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  • Published in Book Reviews

The collected writing of a folk balladeer, Wobbly and activist inspires workers and scares the right in equal measure today, finds Adam Tomes

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The Letters of Joe Hill, ed. Philip S. Foner, new material, Alexis Buss, foreword by Tom Morello (Haymarket Books, 2015), vii, 121pp.

Joe Hill was born Joel Emmanuel Haggelund on October 7th, 1879 in Gavle, Sweden. His small, childhood home in Sweden is now a museum, known as the Joe Hill House. The strength of the Joe Hill legend, which survives in folk tales, stories, recollections and his songs, has not lessened in one hundred years. The Joe Hill House ‘has union guards round the clock’ (p.vii) as it has been bombed twice and repeatedly has had its windows smashed in by fascists, still angry at the ideas and songs of a men, or legend, supposedly long dead.

Perhaps Joe Hill is not dead. The powerful song by Alfred Hayes ‘I Dreamed I Saw Joe Hill Last Night’ makes the point very clear, ‘Joe Hill ain’t dead’ (p.vii). This beautiful song has been covered by artists such as Pete Seeger, Bruce Springsteen, Tom Morello and Paul Robeson. Joan Baez sang the song at the Veterans Day Rally organised by Occupy Wall Street in 2011, showing the power and longevity of his story. As Tom Morello argues in his superb one-page foreword, ‘wherever, whenever you raise you voice, your fist, or your guitar in the name of justice and freedom, Joe Hill is right there by your side’ (p.vii). And Tom Morello, activist and fellow Wobbly (the Industrial Workers of the World), should know, as Joe Hill is one of the inspirations for his band, Rage Against the Machine.

The inspiration

Joe Hill was a satirical lyricist, who used wit and fire to raise the big issues facing workers at the beginning of the twentieth century before the Second World War. The issues he tackled may have been shaped by the time and can be understood in their historical context. However, the power of the songs has not diminished. This is because the issues have not, in fact, fundamentally changed. Joe sang about ‘extreme poverty, police brutality, economic injustice, criminalised immigration, militarism, racism, threats to freedom of speech, war’ (p.vii). These issues need to be tackled by us, now with the spirit of Joe Hill in our souls.

Joe Hill’s song ‘Casey Jones – the Union Scab’, sung to the tune of the Ballad of Casey Jones is just one such song. The song was written in support of 35,000 striking railroad workers in 1911, with its lyrics printed on a card and sold to support the strike fund before becoming one of the staples of the Little Red Songbook. Joe Hill skewers the scabbing of the engineers, who were in it for themselves rather than acting in solidarity, with the wit which all his work shows:

Casey Jones went to Hell a’flying;

“Casey Jones”, the Devil said, “Oh fine:
Casey Jones, get busy shovelling sulphur;
That’s what you get for scabbing on the S.P line” (p.87).

Perhaps Joe Hill’s most famous song illustrates both his biting sarcasm and political message best. The song, ‘The Preacher and the Slave’ is written to a Salvation Army hymn, ‘The Sweet By and By’. The tune would have been widely recognised at the time and therefore easy for workers to remember and sing, which is crucial, as political singing is a communal activity relies on the participants knowing the tune. The song was written to lambast and ridicule the clergy at the time, who were heavily anti-labour, and delivers one of the great choruses:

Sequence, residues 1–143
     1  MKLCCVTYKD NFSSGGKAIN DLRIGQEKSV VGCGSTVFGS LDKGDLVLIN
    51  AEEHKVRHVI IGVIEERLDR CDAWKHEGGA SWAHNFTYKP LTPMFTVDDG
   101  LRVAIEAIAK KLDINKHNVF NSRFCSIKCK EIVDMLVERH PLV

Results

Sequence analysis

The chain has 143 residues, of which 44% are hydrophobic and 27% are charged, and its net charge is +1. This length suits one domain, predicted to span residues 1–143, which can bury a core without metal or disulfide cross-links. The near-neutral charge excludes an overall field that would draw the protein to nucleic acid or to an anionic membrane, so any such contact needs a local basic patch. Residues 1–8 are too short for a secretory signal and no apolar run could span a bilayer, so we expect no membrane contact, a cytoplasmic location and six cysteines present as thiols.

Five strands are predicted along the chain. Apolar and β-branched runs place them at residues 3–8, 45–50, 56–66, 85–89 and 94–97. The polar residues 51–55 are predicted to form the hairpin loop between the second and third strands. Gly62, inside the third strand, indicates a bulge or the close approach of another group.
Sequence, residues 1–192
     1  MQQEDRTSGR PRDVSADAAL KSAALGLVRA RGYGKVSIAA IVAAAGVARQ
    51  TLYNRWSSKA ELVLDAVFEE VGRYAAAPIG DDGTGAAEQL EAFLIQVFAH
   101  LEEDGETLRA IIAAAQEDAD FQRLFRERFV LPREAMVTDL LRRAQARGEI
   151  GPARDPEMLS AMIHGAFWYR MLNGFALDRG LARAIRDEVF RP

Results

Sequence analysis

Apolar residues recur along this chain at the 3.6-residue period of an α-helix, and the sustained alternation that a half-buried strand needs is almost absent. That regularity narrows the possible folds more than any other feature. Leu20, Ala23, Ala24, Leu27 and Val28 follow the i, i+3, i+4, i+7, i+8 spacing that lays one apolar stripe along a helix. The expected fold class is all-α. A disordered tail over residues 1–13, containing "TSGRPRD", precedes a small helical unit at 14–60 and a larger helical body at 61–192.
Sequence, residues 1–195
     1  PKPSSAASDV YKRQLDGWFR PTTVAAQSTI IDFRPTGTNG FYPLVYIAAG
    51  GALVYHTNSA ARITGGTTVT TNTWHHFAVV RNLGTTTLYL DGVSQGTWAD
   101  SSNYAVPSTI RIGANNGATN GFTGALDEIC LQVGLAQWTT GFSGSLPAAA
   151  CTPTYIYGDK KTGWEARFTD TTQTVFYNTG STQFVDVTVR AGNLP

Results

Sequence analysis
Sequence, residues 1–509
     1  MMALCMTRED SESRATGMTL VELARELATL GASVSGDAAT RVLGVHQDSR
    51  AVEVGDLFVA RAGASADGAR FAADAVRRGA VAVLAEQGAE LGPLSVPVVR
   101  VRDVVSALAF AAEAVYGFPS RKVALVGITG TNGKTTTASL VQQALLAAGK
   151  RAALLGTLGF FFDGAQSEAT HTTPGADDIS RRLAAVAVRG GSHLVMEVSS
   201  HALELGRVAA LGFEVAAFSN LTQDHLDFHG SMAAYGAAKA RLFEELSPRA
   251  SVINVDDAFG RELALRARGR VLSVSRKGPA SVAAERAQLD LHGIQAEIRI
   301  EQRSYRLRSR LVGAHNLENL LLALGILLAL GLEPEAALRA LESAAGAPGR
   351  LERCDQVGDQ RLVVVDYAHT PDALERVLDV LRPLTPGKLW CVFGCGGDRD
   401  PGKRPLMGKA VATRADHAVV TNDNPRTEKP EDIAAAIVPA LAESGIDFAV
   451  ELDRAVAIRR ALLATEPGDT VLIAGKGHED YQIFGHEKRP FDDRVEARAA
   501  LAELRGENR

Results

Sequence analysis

‘You will eat, bye and bye,
In that glorious land above the sky;
Work and pray, live on hay,
You’ll get pie in the sky when you die’ (p.85).

The misguided solution of the clergy of the time to poverty and unemployment is laid bare for all to see. At the same time, Joe Hill, delivered the phrase ‘pie in the sky’ into the American vernacular and it has now become a widely used and recognised phrase. Hillary Clinton, when in Wisconsin, described Bernie Sanders as a ‘pie in the sky’ politician, although I suspect that Hillary would be mortified, horrified and forced to apologise in a humbling climb down if she knew where the phase originated from and what it was used to ridicule.

Joe Hill himself understood the power of music in general and his own music in particular. He knew that song could deliver facts, ideas and the ‘social feeling of good fellowship’ (p.11), if they were delivered with humour. Joe Hill makes this absolutely clear in his letter from Salt Lake County Jail of November 29th, 1914, when he writes, ‘a pamphlet, no matter how good, is never read more than once, but a song is learned by heart and repeated over and over’ (p.11). In this way, the songs of Joe Hill became a threat to the establishment, an inspiration for workers and make him the inventor of the modern American political protest song. Before Rage Against the Machine, Bruce Springsteen, Public Enemy, the Clash, Pete Seeger, Joan Baez, PJ Harvey and Bob Dylan there was Woody Guthrie and Leadbelly. Before Woody Guthrie and Leadbelly, there was Joe Hill and before Joe Hill, there was no one. So as we all sit down, put on our favourite records and listen to the power of politics in music, we are indebted to Joe Hill.

The legend of Joe Hill

Outside of his music, it is the amazing folk tale of Joe Hill that lives on. The story of his trial and his death sounds like a folk tale as it seems both unbelievable whilst offering a modern parable of the fear and immorality of the state. The fictional quality of the story is further heightened by the letters and actions of Joe Hill, recorded in this slim volume, as his turn of phrase was so sharp, biting and memorable.